fly

After plaguing other areas of Pennsylvania for several years now, the invasive spotted lanternfly has spread to Villanova’s campus and surrounding suburbs. These pests pose a serious threat to our ecosystems, in addition to being a general nuisance. Assistant Chair of the Biology Department, Professor Vikram Iyengar, has a breadth of knowledge on the spotted lanternfly. According to Iyengar, these insects are native to China and southeast Asia and were first spotted in the United States in 2014 in Berks County, PA. 

“It is so difficult to prevent the global movement of these insects, because the females have the ability to lay their eggs on the tires of cars and masts of boats,” Iyengar said. “This is likely how the spotted lanternflies managed to spread all the way from southeast Asia to the United States.

Spotted lanternflies have particularly been an issue for the state of Pennsylvania because of their ability to lay eggs on non-plants, along with several other characteristics. Iyengar helped detail these characteristics by explaining that these lanternflies feed on a variety of commercially abundant plants like apple trees, grapevines and soybean. In addition, like any invasive species, these insects are new to our ecosystems and, therefore, have no natural predators to keep their populations in check naturally. Iyengar highlights these three characteristics to explain why the spotted lanternflies have been particularly difficult to control as an invasive species in recent years.

When asked why these insects are more than just pests, Iyengar elaborated on the risks and damage the spotted lantern flies create. “Spotted lanternflies feed on plant sap and excrete honeydew, a sticky liquid produced in such large amounts that it builds up on leaves, blocking sunlight and preventing photosynthesis, and on the soil surrounding the trunk, in trunk leading to fungal mats that can harm or kill the tree,” Iyengar said. “The resulting damage has led to fewer crops, and we are also at risk of losing additional trees that are vital to the health of our ecosystem.” Because of these massive problems that the lanternflies continue to cause, students should step on any lanternflies they see, Dr. Vik advises.

Since the spotted lanternfly has showed up on campus, the University has had to take specific measures to prevent the further spread of the insect, as well as to try to eliminate the population around campus. Villanova’s Horticultural Supervisor Hugh Weldon says that his team is doing their best to accomplish these tasks. “We are complying with the Department of Agriculture’s quarantine by inspecting our vehicle fleet when they leave campus to help prevent them from spreading” he said, “We also have eliminated almost all of the Ailanthus altissima trees (Tree of Heaven) which the lanternflies are highly attracted to.” Mr. Weldon also suggests that students can help by squashing any lanternflies they see around campus.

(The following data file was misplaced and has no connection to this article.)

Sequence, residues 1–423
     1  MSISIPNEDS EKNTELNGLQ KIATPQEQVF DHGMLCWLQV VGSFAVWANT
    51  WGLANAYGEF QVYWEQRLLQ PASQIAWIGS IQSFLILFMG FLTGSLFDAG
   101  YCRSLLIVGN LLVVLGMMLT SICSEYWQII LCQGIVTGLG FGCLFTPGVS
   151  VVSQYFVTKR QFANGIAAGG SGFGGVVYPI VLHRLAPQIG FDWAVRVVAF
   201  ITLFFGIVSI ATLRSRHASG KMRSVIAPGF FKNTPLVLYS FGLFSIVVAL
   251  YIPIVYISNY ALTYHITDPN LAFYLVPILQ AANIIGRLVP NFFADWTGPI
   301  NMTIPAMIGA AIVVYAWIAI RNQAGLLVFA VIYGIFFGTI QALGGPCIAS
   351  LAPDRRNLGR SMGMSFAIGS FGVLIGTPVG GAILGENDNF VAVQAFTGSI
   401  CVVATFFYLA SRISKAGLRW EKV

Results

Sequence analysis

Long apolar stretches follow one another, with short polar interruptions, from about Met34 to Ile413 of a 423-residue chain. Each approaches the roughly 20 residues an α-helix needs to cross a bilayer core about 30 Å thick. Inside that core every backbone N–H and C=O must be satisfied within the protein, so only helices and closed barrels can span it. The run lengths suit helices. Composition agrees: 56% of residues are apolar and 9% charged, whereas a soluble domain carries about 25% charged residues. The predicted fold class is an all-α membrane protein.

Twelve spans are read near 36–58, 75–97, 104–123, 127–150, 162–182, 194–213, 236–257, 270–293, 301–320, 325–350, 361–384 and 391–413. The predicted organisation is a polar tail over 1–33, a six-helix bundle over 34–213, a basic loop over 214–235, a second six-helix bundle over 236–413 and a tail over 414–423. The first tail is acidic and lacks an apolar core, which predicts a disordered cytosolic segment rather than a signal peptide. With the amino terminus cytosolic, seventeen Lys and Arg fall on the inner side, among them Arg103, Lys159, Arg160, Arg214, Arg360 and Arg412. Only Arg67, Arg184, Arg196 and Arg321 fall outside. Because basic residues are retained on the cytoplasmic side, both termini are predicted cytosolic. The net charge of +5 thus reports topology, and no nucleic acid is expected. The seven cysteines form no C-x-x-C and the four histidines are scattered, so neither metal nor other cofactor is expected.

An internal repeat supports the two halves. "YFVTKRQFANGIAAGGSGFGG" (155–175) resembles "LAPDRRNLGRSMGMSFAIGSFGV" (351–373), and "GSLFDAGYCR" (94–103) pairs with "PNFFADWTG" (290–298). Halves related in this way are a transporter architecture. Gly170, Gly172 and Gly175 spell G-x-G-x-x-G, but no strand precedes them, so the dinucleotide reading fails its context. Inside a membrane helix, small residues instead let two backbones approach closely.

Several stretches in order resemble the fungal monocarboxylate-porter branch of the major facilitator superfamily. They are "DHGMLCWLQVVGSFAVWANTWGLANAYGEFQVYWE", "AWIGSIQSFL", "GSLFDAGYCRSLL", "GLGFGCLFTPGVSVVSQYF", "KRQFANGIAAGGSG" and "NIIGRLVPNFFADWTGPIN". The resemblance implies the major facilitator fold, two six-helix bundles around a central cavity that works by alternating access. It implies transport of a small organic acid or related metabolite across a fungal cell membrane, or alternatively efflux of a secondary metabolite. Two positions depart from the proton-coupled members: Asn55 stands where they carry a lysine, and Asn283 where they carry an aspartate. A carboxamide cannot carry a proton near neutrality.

The decline of this invasive species is not likely to happen any time soon, but the Pennsylvania state government, as well as the United States government, is using their power to ensure the swift elimination of the spotted lanternfly from Pennsylvania. Dr. Vik says that $17 million has already been committed by the federal government to support research on the lanternfly and set up a quarantine zone of over 3,000 square miles in Pennsylvania. He added that the Pennsylvania state government allocated $13 million of its budget in 2019 toward the containment of this insect in order to protect state agriculture and businesses. The spotted lanternfly has proved a difficult pest to eliminate but communities around Pennsylvania, including Villanova University, are working hard to protect our ecosystems and eventually bring a decline to the spotted lanternfly in coming years.